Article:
Statehouse roundup, 3.1.22: New standards legislation emerges

The Statehouse standards debate could resume in March.

The House Education Committee introduced a pair of proposals to get rid of the state’s existing math, English language arts and science standards, and replace them with new standards.

The committee’s Tuesday morning votes set the stage for a full hearing on the issue — and Chairman Lance Clow’s push to adopt the new standards.

Clow, R-Twin Falls, has been frustrated for months over the standards impasse. The new standards have been in the works for two years, but the State Board of Education has not adopted them.

Clow’s proposals would accomplish two things:

The first, a bill, would put the new standards on the books.

The second, a legislative resolution, would dump the existing, and controversial, standards: math and English language arts standards aligned with the national Common Core movement, and science standards that have drawn the ire of some conservative lawmakers, because of their references to issues such as climate change.

The changes would go into effect on July 1. The timing is important, Clow said, in order to make sure the state keeps some standards on the books while making the transition to new standards.

The orchestrated effort appears to be a response to a recent attorney general’s opinion, which said the state could lose federal education funding if it repealed standards without adopting new standards.

During a brief discussion Tuesday, Clow said the feds have given the states the assurance that they can replace their standards, as long as they keep their standardized tests in place.

“This has been done by many states in the past,” he said.

The state’s main assessment tool, the Idaho Standards Achievement Test, would stay intact during the transition, Clow said. But the state would have to rework the ISAT to align with the new standards.

Academic standards represent a set of academic guideposts: concepts students are expected to master as they navigate the K-12 system. It’s still up to local school districts to adopt curriculum and choose textbooks to align to the standards. But while those decisions are made locally, Idaho’s standards have been a hot-button topic at the Statehouse for several years.

Little signs Empowering Parents Grants bill

The $50 million Empowering Parents Grants program is now on the books.

Gov. Brad Little signed the program bill Tuesday during a ceremony at Caldwell’s Sacajawea Elementary School.

One of Little’s education priorities for 2022, the bill offers a sequel to the 2020 Strong Families, Strong Students grant program. As with its predecessor, the new program will use $50 million of federal coronavirus aid to provide grants to offset families’ education costs, such as computers, internet access or curricular materials.

Grants will max out at $1,000 per student or $3,000 per household. They will be awarded based on income, starting with families making less than $60,000 per year.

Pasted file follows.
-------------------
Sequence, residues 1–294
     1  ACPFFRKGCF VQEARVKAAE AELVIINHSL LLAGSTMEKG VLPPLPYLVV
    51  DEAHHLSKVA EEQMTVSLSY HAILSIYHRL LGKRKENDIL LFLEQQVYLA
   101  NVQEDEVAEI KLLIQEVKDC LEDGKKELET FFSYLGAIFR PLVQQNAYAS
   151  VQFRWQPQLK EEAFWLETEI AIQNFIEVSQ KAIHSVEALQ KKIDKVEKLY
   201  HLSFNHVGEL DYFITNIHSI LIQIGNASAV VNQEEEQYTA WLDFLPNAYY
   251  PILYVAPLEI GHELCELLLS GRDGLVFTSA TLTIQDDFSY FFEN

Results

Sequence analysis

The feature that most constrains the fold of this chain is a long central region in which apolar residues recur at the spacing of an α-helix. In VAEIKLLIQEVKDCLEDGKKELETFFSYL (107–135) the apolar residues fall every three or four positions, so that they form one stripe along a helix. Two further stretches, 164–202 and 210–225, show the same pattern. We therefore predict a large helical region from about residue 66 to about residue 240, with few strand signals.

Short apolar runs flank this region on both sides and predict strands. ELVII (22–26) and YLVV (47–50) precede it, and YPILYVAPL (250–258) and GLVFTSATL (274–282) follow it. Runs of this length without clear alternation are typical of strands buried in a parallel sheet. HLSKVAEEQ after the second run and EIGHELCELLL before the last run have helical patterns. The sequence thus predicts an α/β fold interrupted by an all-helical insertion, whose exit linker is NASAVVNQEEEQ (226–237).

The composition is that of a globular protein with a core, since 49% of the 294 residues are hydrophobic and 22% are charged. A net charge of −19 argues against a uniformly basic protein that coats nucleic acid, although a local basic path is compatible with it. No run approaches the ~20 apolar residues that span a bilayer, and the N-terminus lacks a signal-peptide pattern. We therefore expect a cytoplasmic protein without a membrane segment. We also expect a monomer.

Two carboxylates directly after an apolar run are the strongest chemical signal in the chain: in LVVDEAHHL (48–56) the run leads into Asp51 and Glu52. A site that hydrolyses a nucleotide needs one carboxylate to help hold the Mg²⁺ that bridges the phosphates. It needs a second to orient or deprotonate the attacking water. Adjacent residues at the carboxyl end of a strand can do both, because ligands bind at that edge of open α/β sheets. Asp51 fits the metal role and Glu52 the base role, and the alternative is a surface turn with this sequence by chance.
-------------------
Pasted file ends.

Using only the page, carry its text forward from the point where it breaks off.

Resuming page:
The bill signed Tuesday creates the grant program. Lawmakers still will have to pass a spending bill freeing up the $50 million of federal funding.

WWAMI proposals surface

House Majority Leader Mike Moyle wants to see Idaho’s medical school partnership expand. But he also wants to see more medical school graduates return to Idaho.

Moyle, R-Star, presented two proposals to House Education Tuesday.

The first is a nonbinding resolution urging the State Board of Education to seek additional spots in the “WWAMI” program — which provides University of Washington medical school seats for students from Washington, Wyoming, Alaska, Montana and Idaho. Currently, Idaho has 40 seats in the program.

The second is binding legislation, which would require Idaho’s WWAMI students to sign a contract with the state, pledging to practice medicine in Idaho for at least four years after their graduation. If they don’t, graduates would have to pay back the state money that subsidized their WWAMI education.

The bill is modeled after similar legislation in Alaska, Montana and Wyoming, and Moyle said it is not an attempt to undermine WWAMI’s programs.

“It’s an effort to bring those students back to Idaho … to help Idahoans,” he said.

This is a familiar debate. In April, the House narrowly passed a medical education budget that earmarked $6.9 million for WWAMI. Moyle debated against that budget, lamenting the fact that Idaho was subsidizing an education for students who didn’t come back to Idaho.

House Education introduced both proposals Tuesday, meaning they could come back for a full hearing.

Kindergarten age change emerges

Currently, students can’t enroll in kindergarten unless they’re five years old by the time school starts in September.

House Education introduced a bill that would allow kids to start kindergarten a year earlier if they turn five by Dec. 31 of that school year. Kids could only start early if their parents and the school district determine that they’re “school-ready.”

Reps. Gary Marshall, R-Idaho Falls and Dorothy Moon, R-Stanley, were among the minority who opposed the bill on a voice vote. Both said they’re concerned that four-year-olds aren’t ready for kindergarten — especially full-day kindergarten, which the Legislature is considering funding.

The bill can now receive a full hearing.

Idaho Education News reporter Blake Jones contributed to this report. 

Kevin Richert

About Kevin Richert

Senior reporter and blogger Kevin Richert specializes in education politics and education policy. He has more than 30 years of experience in Idaho journalism. He is a frequent guest on KIVI 6 On Your Side; "Idaho Reports" on Idaho Public Television; and "Idaho Matters" on Boise State Public Radio. Follow Kevin on Twitter: @KevinRichert. He can be reached at [email protected]

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